Inoda Coffee, Kyoto

It’s one of those places you walk by hundreds of times, going, “Oh, that place looks nice. I should pop in someday and check it out.” Yet somehow, every time you walk by, you never actually set food in the venue.

Well, I finally did it. I finally checked out Inoda Coffee.

This is a branch of coffee shops you’ll find scattered throughout Kyoto. The one I decided to try was the Sanjo location, in a quieter part of the street. It wasn’t particularly busy, as it was about 3pm on a weekday- perfect for me to step in and try out a late lunch.

When you first walk in to the Sanjo branch, you’ll see that the place is split into several sections. The first section on the righthand side by the windows is the nonsmoking area for dining. To the immediate left is a shop where you can purchase coffee and related goods to take home. In the back, you’ll see the cash register, and beyond that a round, raised counter where the smoking patrons get their caffeine fix.

Upon entering, someone will approach and ask if you want smoking or non-. Then, you’re seated and given a menu. My menu had pretty thorough explanations in English, especially for the different blends they offer for the coffee, so even if you don’t speak the local lingo you should be able to pick something you like. It was also a very simple menu- cake sets, sandwich sets, toast sets, and coffee.

I opted for the “mixed sandwich set”, which had ham, egg and cucumbers in it. No cheese, according to the person serving me. I also opted for the coffee included with it, which in total cost about 1,300 yen. When you ask for coffee, the waiter will ask if you want it to have the sugar and milk already included; if you ask for no sugar, they won’t bother bringing any to the table.

Also, that small container they provide at your table? It’s salt, not sugar. Just FYI.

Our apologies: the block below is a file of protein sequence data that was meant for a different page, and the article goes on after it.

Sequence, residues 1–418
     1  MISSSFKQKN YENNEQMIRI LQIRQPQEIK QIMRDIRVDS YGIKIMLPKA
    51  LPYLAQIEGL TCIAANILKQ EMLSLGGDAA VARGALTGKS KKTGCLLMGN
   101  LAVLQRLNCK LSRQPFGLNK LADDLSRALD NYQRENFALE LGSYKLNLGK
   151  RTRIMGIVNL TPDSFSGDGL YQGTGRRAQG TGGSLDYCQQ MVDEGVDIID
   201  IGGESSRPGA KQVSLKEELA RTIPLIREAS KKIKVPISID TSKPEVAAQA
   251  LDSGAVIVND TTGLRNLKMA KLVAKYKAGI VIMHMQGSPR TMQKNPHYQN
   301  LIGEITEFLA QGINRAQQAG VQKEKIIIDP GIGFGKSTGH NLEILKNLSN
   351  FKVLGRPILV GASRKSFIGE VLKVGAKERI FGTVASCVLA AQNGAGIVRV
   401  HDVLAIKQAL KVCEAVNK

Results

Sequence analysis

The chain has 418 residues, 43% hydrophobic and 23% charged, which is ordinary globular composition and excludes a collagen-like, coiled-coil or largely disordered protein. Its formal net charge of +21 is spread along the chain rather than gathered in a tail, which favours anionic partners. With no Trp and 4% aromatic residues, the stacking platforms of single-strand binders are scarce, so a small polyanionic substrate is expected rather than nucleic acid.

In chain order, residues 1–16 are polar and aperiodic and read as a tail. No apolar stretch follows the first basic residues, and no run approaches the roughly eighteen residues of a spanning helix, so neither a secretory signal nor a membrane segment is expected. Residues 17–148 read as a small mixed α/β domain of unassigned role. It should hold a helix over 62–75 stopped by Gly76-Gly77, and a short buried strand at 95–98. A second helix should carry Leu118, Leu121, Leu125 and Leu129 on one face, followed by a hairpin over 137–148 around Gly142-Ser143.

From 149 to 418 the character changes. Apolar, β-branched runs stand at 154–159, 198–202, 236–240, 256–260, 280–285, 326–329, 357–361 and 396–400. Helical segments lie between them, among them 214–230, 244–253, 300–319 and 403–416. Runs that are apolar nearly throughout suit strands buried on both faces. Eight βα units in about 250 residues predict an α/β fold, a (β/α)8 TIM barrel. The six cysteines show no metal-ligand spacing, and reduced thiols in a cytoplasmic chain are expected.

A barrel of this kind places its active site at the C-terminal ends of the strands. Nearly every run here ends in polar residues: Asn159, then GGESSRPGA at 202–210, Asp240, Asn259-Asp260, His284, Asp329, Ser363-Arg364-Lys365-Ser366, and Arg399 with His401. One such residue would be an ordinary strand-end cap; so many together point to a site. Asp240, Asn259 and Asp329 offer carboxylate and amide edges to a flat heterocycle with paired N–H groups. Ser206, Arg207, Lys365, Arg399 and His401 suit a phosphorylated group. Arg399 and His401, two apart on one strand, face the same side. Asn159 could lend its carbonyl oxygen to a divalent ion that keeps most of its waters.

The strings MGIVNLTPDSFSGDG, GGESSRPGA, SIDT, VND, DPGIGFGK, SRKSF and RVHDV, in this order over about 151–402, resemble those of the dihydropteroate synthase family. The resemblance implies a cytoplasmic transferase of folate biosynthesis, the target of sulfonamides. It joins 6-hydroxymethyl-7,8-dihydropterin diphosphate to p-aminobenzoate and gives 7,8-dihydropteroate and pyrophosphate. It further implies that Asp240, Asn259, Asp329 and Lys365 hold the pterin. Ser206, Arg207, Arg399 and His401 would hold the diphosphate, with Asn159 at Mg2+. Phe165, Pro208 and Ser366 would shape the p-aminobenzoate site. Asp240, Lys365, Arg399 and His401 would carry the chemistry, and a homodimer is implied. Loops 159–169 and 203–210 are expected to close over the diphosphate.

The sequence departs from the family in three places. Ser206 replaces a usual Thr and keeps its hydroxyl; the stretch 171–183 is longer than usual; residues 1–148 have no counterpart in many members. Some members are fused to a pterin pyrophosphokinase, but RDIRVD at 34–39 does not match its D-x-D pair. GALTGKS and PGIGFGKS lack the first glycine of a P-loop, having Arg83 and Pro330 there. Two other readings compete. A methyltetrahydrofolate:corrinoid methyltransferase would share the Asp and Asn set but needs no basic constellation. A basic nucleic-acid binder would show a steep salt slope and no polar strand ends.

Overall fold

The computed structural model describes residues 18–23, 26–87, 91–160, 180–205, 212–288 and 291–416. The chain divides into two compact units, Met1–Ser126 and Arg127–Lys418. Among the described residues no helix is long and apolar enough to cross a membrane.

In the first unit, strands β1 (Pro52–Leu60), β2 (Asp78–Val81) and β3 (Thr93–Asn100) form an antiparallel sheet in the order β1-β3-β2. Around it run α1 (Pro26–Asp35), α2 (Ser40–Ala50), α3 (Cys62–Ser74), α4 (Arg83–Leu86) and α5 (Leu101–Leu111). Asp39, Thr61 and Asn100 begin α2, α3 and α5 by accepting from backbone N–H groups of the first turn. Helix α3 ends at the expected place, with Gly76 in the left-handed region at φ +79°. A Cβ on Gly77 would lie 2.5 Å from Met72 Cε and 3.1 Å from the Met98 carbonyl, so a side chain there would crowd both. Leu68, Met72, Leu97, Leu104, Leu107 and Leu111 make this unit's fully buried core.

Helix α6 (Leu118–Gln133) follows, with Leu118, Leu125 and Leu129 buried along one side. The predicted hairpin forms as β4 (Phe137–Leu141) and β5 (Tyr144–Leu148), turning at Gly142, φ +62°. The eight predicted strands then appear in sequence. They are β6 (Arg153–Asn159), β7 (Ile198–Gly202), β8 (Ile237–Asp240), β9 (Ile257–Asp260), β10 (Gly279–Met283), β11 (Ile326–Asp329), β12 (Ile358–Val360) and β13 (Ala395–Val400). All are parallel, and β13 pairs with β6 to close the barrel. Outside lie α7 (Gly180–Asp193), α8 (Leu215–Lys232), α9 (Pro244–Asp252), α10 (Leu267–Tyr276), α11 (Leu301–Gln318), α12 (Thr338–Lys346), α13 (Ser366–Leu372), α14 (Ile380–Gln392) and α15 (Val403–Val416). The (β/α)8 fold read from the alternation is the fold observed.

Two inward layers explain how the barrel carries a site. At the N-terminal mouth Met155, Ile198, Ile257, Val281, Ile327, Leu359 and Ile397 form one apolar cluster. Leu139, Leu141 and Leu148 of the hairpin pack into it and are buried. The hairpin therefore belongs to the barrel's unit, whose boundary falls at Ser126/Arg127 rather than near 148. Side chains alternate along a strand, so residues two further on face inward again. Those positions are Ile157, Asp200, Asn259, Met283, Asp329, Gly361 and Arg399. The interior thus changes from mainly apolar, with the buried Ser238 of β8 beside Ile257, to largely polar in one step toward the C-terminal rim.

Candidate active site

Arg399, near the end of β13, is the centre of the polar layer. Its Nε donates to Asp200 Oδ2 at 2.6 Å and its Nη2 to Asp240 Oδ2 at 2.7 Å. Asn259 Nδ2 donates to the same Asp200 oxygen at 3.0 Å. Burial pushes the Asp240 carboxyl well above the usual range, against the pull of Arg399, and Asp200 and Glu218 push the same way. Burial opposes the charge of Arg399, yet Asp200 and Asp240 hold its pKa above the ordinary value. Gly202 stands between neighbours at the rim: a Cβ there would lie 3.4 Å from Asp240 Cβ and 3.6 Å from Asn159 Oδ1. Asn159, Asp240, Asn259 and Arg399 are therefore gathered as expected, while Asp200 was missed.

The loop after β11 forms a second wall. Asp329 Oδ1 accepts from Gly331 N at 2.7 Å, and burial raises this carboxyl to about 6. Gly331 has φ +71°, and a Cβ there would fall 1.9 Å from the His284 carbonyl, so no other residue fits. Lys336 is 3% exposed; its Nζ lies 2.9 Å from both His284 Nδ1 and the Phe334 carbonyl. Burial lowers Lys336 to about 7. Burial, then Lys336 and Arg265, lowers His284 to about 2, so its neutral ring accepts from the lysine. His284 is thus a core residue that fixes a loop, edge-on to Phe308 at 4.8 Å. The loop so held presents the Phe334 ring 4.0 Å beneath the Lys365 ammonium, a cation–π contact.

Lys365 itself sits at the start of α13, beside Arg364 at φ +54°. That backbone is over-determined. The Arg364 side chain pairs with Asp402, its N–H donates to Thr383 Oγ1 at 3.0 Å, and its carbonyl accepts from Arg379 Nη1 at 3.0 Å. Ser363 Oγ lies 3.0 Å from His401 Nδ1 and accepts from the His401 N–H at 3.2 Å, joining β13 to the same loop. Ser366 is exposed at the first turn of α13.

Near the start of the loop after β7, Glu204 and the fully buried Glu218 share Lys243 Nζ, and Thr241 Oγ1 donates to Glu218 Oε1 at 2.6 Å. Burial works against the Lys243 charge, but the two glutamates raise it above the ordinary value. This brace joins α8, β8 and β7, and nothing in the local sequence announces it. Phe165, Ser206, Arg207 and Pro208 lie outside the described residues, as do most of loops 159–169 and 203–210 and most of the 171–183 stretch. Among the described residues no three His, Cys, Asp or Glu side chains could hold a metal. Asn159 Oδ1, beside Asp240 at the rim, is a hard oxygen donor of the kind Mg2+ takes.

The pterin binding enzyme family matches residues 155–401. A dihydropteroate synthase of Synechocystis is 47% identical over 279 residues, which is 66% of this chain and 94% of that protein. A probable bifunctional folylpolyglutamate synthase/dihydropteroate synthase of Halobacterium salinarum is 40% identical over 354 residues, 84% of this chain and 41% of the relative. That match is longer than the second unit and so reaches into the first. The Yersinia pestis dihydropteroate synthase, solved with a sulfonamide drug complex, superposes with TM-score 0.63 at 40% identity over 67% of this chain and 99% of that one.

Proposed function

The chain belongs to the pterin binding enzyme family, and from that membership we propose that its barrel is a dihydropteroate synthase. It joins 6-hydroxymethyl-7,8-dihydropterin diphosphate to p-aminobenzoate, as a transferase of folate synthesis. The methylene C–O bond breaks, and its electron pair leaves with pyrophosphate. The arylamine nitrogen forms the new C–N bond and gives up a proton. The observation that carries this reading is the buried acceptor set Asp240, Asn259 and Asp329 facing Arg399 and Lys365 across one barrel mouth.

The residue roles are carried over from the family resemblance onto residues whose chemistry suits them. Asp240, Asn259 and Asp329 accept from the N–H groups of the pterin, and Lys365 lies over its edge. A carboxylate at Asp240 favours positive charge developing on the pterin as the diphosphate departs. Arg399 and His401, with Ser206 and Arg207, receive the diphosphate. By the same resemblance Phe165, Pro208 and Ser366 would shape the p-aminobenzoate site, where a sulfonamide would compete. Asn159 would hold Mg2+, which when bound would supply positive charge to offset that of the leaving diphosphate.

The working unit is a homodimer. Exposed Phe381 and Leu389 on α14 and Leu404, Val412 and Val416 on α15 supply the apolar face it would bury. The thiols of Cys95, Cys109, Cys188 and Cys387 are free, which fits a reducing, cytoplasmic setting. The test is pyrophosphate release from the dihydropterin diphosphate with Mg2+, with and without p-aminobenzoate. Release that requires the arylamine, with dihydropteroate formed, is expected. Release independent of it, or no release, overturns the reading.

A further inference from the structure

Anyway, the coffee came first, with milk and sugar included. Shortly after came the sandwich, and as I ate I was able to get my feelings sorted out about this place.

“Businesslike” is what I think of when I recall Inoda Coffee. Everyone kept to themselves, and while there were people chattering with their companions, I got the feeling that this wasn’t the sort of place you were encouraged to linger. Oh, certainly, you can take your time drinking your coffee, but once it’s finished, you ought to think about getting up and on with your day. This is a bit unusual in Kyoto, as most places give the impression you could set up camp for years without being bothered by the staff.

That said, it wasn’t uncomfortable in the least. The waiters were attentive, the food was nice, and yes, the coffee was tasty (this coming from someone who doesn’t normally drink black coffee- I tend to go for lots of milk). The seats by the windows are great for people-watching, and bring a lot of light into the cafe. The sandwich I got was very sizable and I was satisfied with my food. Enough for 1,300 yen? …Eeeh.

If you pass by Inoda Coffee and you need a quick cup to rejuvenate yourself, do check it out! The coffee by itself tends to cost about 500 yen.


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